Two years following the 1997-98 Korean financial crisis, the Korean government attempted to bolster consumer spending and re-invigorate the national economy by pursuing a series of policies that directly promoted the use of consumer credit cards. Subsequently, consumer credit card spiked upward, which led to a dramatic surge in individual debtor defaults. The government in response mode again thereafter initiated a three-pronged legislative effort to counter the post-1997 individual debtor polemic: (i) the Individual Debtor Rehabilitation Act (“IDRA” or the “Act”); (ii)) the Korea Asset Management Company’s Bad Bank (KAMCO or “Bad Bank”); and (iii) the Credit Counseling and Recovery Service (CCRS) (collectively, the “Legal Acts”). This paper surveys and analyzes the Legal Acts approach to resolving South Korea’s post-1997 consumer credit card spending polemic.
This paper aims to answer two research questions: First, what are the sources of weaknesses found in current CSO-government relationships? Second, how could these weaknesses be remedied to bring better efficiency in social development assistance programs? Applying the Complexity Science framework and Brinkerhoff’s related theoretical model to the field of social finance for the first time to the best of the authors’ knowledge, this article argues that the implementation of social finance, generally, and social impact bonds (SIBs), specifically, can combine to create “smart social capital”—a new model in which trust is furthered and arguably maximized between relevant public and/or private sector networks in the form of stakeholders, through the efficient combination of shared interests in the form of financial as well as societal beneficial gains by related stakeholders and the community at large.
In our increasingly globalized and cross-border world, negotiators come across increasingly different cultures, and thus, methods of approaching solutions and problems. Often such cultures may seem "alien" or "unusual" to us, which may in turn give rise to certain partisan perceptions. Within the context of East-West negotiations, I suggest that such partisan perception may further be linked to cultural variables and described as a "barbarian bias," which represents a significant variable that has not been fully discussed in the current literature. This is linked to other phenomenon, such as "accidental Occidentalism" and "biased benchmarking," which can be used, knowingly or unknowingly, by both individual and collective-based negotiators to their possible detriment.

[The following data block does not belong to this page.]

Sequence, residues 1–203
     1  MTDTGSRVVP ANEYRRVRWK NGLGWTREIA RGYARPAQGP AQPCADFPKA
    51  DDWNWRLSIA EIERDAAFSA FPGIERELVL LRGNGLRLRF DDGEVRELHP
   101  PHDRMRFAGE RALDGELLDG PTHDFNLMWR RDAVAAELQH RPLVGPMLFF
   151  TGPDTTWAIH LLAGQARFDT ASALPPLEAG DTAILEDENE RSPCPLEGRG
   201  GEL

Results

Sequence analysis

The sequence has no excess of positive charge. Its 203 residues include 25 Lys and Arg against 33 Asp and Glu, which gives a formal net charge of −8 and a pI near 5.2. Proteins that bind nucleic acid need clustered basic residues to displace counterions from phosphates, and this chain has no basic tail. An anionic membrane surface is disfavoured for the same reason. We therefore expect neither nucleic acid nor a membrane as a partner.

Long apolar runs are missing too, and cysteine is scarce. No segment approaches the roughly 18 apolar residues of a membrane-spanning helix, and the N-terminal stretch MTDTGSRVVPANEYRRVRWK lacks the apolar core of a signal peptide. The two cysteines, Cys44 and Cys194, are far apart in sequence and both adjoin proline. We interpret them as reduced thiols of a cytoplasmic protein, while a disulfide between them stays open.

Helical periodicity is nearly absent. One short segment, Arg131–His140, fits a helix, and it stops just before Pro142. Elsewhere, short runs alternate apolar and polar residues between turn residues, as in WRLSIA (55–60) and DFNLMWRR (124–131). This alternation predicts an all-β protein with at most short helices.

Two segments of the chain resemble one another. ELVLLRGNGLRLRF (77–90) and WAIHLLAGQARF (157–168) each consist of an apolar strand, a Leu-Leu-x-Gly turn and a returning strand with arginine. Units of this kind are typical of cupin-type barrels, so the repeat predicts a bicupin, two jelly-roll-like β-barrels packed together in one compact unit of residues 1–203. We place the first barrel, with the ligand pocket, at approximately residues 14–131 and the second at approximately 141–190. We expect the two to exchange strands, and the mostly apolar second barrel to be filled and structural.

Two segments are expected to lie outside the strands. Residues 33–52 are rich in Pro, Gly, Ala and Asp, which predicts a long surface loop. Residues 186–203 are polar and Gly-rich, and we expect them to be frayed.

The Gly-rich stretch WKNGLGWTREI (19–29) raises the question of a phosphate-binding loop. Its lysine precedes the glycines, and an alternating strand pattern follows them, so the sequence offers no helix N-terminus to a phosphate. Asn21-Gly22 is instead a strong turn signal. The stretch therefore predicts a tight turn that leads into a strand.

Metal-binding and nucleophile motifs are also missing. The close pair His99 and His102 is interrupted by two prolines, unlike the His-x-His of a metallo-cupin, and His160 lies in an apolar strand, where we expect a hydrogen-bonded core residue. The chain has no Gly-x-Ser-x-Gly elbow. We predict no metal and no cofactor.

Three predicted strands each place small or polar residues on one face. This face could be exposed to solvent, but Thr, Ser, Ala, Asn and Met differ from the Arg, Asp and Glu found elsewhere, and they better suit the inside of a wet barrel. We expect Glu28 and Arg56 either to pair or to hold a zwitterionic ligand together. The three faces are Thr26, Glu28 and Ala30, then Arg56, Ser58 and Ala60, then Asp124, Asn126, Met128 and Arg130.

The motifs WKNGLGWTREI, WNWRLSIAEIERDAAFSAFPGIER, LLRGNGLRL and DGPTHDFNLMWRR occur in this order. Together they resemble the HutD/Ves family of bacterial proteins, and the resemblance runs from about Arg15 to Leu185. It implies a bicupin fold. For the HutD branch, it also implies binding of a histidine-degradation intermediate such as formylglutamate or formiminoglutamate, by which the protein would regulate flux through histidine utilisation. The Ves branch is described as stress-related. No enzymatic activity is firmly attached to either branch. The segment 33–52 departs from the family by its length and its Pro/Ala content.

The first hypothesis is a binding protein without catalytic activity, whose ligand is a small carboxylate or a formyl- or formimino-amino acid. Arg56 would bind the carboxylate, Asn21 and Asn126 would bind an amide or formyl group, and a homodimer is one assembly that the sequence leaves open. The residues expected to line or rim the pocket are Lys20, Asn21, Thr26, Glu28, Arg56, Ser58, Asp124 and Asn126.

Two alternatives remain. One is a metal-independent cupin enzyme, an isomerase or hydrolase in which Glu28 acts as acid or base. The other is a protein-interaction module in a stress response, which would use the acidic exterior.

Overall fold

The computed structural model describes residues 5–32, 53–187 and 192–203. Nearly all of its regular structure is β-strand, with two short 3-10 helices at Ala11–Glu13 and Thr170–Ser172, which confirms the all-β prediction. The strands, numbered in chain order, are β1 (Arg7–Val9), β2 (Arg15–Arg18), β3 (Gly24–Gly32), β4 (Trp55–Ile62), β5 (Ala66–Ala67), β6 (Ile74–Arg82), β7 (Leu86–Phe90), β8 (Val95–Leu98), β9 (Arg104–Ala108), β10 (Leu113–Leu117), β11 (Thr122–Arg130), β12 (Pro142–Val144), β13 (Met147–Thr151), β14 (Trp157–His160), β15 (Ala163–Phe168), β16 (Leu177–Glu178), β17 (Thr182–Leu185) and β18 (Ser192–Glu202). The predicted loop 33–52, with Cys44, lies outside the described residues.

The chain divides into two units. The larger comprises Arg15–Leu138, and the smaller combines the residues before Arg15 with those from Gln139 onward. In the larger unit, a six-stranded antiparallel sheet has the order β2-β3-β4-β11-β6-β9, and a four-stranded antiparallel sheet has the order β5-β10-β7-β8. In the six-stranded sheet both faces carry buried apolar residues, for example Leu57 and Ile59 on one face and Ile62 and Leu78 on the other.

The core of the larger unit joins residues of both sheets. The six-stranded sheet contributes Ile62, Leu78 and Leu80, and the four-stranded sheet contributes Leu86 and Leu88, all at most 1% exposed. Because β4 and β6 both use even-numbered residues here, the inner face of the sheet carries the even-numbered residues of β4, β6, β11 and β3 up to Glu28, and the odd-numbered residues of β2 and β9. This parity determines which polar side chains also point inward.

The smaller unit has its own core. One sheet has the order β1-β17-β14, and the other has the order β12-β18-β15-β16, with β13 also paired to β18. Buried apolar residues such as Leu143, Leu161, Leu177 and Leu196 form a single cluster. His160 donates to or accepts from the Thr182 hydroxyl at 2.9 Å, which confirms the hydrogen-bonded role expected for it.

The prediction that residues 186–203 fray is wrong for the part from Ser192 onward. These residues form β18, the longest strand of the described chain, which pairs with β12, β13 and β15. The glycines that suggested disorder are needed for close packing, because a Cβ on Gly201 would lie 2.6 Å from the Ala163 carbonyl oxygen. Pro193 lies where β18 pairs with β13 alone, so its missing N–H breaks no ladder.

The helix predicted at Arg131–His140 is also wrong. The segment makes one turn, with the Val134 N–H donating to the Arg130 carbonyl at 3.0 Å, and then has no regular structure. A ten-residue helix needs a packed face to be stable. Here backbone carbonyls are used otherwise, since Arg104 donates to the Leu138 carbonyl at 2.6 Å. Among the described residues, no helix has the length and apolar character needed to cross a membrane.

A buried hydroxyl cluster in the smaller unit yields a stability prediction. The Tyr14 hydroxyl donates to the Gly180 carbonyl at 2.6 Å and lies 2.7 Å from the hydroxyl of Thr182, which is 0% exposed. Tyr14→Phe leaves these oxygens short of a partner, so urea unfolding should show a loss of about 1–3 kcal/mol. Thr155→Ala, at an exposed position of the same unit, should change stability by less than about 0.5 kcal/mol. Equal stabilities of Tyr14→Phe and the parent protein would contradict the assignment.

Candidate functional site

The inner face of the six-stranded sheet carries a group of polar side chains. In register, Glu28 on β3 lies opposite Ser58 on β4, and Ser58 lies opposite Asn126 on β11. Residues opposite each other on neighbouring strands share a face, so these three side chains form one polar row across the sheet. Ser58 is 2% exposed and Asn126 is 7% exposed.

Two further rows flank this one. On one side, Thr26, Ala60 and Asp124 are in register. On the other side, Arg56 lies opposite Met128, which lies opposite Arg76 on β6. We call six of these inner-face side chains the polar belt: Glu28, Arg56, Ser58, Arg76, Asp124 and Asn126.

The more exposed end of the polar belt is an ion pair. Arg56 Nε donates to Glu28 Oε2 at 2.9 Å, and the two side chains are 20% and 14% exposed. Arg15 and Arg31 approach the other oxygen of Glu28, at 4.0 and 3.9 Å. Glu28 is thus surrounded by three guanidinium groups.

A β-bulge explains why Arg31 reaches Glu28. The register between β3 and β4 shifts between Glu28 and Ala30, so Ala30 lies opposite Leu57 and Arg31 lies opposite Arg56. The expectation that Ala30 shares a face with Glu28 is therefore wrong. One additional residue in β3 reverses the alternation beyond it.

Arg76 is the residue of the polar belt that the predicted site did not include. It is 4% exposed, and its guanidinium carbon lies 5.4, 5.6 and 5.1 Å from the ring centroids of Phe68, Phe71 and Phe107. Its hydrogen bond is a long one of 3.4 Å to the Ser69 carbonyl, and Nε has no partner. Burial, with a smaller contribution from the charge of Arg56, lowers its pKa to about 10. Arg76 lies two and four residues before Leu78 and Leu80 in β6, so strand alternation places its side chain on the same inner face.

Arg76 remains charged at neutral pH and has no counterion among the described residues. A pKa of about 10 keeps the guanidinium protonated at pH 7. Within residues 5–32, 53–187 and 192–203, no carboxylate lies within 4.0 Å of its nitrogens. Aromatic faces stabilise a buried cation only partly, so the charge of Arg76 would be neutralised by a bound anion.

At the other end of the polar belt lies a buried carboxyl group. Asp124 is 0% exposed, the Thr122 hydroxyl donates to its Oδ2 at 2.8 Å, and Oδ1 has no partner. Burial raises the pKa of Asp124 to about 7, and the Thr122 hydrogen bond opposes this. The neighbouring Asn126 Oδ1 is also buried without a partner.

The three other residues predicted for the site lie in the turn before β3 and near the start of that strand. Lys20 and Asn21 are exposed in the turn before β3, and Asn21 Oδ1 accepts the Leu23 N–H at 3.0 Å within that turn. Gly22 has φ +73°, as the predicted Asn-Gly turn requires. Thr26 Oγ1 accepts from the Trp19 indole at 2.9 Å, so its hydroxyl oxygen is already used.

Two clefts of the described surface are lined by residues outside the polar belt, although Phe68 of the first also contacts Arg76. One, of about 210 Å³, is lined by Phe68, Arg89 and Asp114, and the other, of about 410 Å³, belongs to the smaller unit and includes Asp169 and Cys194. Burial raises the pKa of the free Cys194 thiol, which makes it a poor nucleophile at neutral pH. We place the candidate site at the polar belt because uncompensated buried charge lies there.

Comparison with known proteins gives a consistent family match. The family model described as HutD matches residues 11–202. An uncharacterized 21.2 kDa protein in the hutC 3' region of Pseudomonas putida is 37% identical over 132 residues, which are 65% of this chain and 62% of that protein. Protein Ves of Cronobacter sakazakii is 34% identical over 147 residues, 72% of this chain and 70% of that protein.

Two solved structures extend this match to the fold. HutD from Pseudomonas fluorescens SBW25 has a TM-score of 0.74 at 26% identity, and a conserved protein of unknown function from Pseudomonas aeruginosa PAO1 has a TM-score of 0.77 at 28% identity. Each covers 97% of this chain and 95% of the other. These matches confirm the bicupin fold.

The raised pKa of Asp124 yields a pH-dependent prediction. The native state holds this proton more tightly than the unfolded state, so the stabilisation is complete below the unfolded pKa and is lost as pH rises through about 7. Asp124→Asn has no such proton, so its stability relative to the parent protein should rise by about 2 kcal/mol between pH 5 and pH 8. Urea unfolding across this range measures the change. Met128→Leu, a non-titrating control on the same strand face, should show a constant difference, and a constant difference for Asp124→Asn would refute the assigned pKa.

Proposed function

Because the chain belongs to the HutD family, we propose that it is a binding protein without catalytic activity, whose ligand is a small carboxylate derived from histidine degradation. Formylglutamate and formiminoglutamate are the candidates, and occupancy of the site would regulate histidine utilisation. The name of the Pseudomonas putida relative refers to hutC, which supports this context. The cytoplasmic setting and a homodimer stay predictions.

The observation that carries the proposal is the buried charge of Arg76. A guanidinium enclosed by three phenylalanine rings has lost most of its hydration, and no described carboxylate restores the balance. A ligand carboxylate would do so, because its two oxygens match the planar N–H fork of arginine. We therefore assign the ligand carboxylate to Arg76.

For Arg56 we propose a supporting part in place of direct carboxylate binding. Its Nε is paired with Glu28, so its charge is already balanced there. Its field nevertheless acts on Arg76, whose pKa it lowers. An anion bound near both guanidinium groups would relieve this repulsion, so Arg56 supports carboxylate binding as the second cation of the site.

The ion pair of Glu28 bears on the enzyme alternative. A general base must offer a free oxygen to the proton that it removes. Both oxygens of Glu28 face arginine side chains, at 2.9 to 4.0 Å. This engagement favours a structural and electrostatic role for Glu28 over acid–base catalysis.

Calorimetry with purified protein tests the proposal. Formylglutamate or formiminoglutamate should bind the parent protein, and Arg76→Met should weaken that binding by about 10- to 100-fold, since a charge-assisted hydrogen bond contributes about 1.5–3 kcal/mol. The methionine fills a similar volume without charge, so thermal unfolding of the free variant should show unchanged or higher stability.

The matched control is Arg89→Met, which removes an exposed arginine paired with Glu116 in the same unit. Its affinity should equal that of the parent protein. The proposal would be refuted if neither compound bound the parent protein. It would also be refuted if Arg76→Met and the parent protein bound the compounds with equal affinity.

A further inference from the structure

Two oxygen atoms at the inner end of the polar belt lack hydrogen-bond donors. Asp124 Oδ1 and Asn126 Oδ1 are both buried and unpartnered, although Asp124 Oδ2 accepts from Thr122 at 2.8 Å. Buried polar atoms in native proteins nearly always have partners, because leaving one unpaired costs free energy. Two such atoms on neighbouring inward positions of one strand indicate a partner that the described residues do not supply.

What factors fuelled the South Korean property boom since 2002, and whar (if anything) can be done to prevent a U.S.-style subprime crisis in the local real estate markers? This issue has grown even more urgent given observations of a potential bubble and burst scenario following the U.S. sub-prime crisis. This paper aims to bring together these concerns, from an interdisciplinary regulatory, economic and socio-cultural per-spective, by (1) providing a comprehensive and current overview of housing market dynamics in Korea, (2) examining South Korea's real estate regulatory policies since 2002 with-statistical evidence from the Bank of Korea (BOK), and (3) providinga brief policy implication and suggestion sectionre-garding the Korean housing marker conditions in the post-subprime crisis era.
Funding for animal shelters is often a scarce resource, representing a major challenge affecting many shelter programs in the United States and beyond today. Funding issues and budgetary constraints are often exacerbated by the high rate of animal intake levels relative to adoption rates, the availability of resources to treat medical conditions, and funding for other related programs that may lower euthanasia rates, such as spay and neuter programs. This article proposes an alternative funding option for animal shelter programs using a unique social finance funding model incorporating public-private partnerships and social impact bonds. This social finance model is directly aimed at providing greater funding for animal shelter programs, while also increasing transparency and social impact outcomes. If utilized, the social impact bond model can complement and build upon (but not completely replace) existing funding sources that are critical to saving nonhuman animal lives while benefiting society at large.